Faced with an acute leadership crisis, the BNP has forged an unlikely alliance with several centrist parties called the Jatiya Oikya Front (National United Front) to challenge the AL in the 30 December polls. The coalition is headed by Dr Kamal Hossain, an octogenarian Oxford-educated lawyer who drafted the country’s secular constitution. Hossain has been compared in the media to Malaysian Prime Minister Mahathir Mohammed, an experienced statesman who has the potential to upend the country’s politics.

Although Hossain has made it clear that he is only lending his name to the movement and is not a candidate for premiership, his participation signals a break in Bangladesh’s political order in which the leading parties are largely family-run enterprises. The AL government is justifiably nervous and has in recent weeks introduced laws that human rights groups allege give the administration sweeping powers to arrest dissenters and silence the media. Further, the AL has leveraged its influence over the judiciary and the election commission to disqualify opposition candidates’ nomination papers. It has also sought to co-opt Islamist organisations such as the Hefazat-e-Islam – which runs more than 14,000 madrassahs (religious schools) teaching 1.4m students – by recognising their degrees, much to liberals’ chagrin.

The upcoming elections have far-reaching implications not just for Bangladesh growth trajectory in the coming years but also for foreign companies doing business in the country. Unless the AL takes steps to allow for a more level-playing field for opposition parties, a likely win for the AL risks further intensifying the ideological divide between secularists and Islamists, which would lead to growing radicalisation of outlawed and persecuted members of religious parties and groups over the coming years. Without a viable outlet to voice their political opinions, this has the potential of creating a large pool of disaffected individuals, for whom global jihadist ideologies will continue to present an increasingly appealing alternative.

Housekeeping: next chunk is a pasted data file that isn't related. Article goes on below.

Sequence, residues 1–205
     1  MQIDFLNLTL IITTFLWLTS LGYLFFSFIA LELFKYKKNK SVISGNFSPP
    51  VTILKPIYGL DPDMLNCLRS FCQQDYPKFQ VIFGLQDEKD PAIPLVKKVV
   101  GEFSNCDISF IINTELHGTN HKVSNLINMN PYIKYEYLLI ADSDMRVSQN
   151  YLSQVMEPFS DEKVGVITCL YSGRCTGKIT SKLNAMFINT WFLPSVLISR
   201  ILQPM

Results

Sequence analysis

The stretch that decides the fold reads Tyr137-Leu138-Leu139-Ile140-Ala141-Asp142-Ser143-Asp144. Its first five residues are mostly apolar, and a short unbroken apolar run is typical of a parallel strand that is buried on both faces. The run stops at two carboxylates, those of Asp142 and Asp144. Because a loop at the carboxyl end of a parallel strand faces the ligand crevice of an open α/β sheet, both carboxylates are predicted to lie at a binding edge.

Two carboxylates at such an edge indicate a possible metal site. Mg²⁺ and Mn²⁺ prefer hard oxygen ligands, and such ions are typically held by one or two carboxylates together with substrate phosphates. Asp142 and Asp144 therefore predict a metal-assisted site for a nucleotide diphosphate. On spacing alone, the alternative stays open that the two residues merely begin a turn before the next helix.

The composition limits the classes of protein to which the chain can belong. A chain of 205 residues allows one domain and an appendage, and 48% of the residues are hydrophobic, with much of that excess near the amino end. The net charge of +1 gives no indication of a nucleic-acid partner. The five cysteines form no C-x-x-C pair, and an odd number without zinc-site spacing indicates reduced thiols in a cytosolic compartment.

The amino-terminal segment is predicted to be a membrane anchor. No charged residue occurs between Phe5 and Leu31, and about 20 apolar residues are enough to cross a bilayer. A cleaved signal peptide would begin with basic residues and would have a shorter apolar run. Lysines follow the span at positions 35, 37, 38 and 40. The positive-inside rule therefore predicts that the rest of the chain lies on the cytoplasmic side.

Indeed, the same conditions sowed the seeds for a terrorist attack in July 2016 on the Holey Artisan Bakery in the capital Dhaka. This was the country’s worst terrorist attack, which resulted in the deaths of 22 people, mostly foreigners. The six gunmen who carried the attacks were largely from upper middle-class families. They attended private schools or universities in Dhaka and Malaysia, and socialised at cafes, played sports and were active on social media; one of the assailants was even a son of an AL politician. While Hasina has largely taken a security-led approach to clamp down on militant groups, the counter-terrorist offensive’s long-term success will hinge on a more inclusive approach that allows for greater political expression by parties of all ideological leanings.

However, what should we expect if the Jatiya Oikya Front were to confound pundits and win the elections? While it will help restore the bipolar competition that characterised Bangladesh politics between 1990 and 2009, we would likely see the cases against BNP leaders, such as Zia and Rahman, dropped, paving the way for them to assume political offices in a new government. However, this would almost certainly be accompanied by the pursuit of politically motivated tit-for-tat trials against Hasina and AL leaders, triggering a potential return to episodes of political violence, posing significant operational and security risks for businesses in Bangladesh. There is also likely to be greater scrutiny of contracts awarded by the AL government to foreign players during its term, heightening risks for companies looking to renegotiate contracts, notably in the infrastructure and power sectors.

The fear of retribution by the BNP explains the AL’s concerted efforts to stay on in power but it also shows how unlike in more mature democracies – where winning and losing elections are part and parcel of politics – Bangladesh’s politics is a Darwinian battle for political survival at the expense of one’s opponent. This would bode ill for its longer-term development; unless its political environment becomes more equitable and stable, its laudable socio-economic gains may prove unsustainable.